Is it still possible for a Western democratic leader to be held accountable for lying too much? That is the implication of Boris Johnson’s resignation as prime minister of Britain on Thursday, and it’s a hopeful one. Mr. Johnson, elected in a 2019 landslide, once seemed headed for a long career in Britain’s highest office. Yet he could not quite control a habit for shading the truth he first notoriously exhibited in the early 1990s as a Brussels-based journalist writing inaccurate European Union-bashing articles. Mr. Johnson survived a scandal over boozy parties at his official 10 Downing Street residence during Britain’s covid-19 lockdowns. This week, however, he could not withstand a wave of resignations by senior members of his Conservative party government. They were angered at revelations he had falsely denied knowing about sexual misconduct allegations against someone he appointed to a top position.
Of course, Mr. Johnson’s lies are, in part, a pretext for what became an irresistible intraparty move to topple him. If all had been well otherwise, both for Britain and for the prime minister, the Conservatives might have tolerated them. However, all is not well. Britain’s inflation rate, 9.1 percent, is the highest in the Group of Seven. Mr. Johnson’s handling of the departure from the European Union that he supported — Brexit — has been shaky, leading to a clash with the E.U. over cross-border trade between Northern Ireland and the Irish Republic. Parliamentary committees have criticized his government for a poor initial response to the pandemic. A June YouGov poll found that 71 percent of the public thinks Mr. Johnson is doing his job “badly.” The next general election is scheduled for 2025 but if it were held today the Conservatives would lose to the Labour opposition by 7 points, according to polls.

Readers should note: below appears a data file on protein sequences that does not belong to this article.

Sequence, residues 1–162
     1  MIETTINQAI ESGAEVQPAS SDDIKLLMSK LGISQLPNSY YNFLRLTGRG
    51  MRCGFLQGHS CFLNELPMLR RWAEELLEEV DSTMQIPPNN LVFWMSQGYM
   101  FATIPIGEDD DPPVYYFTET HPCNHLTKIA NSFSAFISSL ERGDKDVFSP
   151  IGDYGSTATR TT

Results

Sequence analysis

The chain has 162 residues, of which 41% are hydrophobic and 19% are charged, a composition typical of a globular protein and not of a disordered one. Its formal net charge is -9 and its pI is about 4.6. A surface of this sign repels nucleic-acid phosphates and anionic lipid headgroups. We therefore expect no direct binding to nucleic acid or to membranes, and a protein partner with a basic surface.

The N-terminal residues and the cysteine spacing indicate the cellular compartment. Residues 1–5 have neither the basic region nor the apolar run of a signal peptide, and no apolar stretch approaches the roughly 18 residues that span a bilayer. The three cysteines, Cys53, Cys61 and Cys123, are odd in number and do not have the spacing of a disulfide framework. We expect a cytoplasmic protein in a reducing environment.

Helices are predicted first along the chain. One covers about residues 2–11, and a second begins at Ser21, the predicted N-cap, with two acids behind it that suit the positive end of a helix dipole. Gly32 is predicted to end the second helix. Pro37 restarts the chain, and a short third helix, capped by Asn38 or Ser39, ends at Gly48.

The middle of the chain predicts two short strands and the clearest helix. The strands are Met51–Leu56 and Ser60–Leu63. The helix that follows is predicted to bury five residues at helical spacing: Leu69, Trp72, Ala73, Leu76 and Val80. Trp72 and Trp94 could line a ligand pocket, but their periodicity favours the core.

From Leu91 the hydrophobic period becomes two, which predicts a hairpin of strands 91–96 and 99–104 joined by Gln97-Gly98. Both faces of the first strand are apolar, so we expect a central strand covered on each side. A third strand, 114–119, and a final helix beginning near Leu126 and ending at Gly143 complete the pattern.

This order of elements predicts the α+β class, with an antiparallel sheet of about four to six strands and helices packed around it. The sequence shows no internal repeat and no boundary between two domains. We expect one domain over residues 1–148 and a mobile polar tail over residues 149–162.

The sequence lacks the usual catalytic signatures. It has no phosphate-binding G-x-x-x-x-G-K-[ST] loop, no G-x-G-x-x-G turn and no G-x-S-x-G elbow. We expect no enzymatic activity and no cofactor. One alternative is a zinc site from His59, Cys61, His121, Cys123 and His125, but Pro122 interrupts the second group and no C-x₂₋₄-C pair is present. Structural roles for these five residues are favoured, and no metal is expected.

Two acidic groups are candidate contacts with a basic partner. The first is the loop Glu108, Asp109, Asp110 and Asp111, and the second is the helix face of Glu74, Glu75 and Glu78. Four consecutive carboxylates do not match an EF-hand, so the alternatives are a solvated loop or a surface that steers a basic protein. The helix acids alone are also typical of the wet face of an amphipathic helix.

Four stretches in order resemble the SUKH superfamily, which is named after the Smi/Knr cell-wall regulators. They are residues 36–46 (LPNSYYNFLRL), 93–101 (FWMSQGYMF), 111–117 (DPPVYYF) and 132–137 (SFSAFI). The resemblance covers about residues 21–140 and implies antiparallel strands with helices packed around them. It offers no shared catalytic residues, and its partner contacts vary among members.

Perfectly sincere or not, the mere fact that party rebels described rampant lying as a firing offense for their erstwhile leader remains a point in British political culture’s favor. So, too, is a parliamentary system that makes it possible to oust an unfit national leader without waiting for a new election or enduring an impeachment crisis. It’s up to the Conservative parliamentary majority to choose a new party leader, who will automatically become prime minister — after what should be the briefest possible transition.